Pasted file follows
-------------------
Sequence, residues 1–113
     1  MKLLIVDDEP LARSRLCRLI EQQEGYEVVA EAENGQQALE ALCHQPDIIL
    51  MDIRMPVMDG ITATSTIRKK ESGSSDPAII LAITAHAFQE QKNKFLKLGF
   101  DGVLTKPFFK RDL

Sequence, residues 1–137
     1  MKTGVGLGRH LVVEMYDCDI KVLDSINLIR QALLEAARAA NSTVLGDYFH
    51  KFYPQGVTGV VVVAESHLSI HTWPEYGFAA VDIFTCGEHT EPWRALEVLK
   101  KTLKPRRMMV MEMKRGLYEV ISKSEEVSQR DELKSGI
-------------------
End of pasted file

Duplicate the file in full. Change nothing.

Sequence, residues 1–113
     1  MKLLIVDDEP LARSRLCRLI EQQEGYEVVA EAENGQQALE ALCHQPDIIL
    51  MDIRMPVMDG ITATSTIRKK ESGSSDPAII LAITAHAFQE QKNKFLKLGF
   101  DGVLTKPFFK RDL

Sequence, residues 1–137
     1  MKTGVGLGRH LVVEMYDCDI KVLDSINLIR QALLEAARAA NSTVLGDYFH
    51  KFYPQGVTGV VVVAESHLSI HTWPEYGFAA VDIFTCGEHT EPWRALEVLK
   101  KTLKPRRMMV MEMKRGLYEV ISKSEEVSQR DELKSGI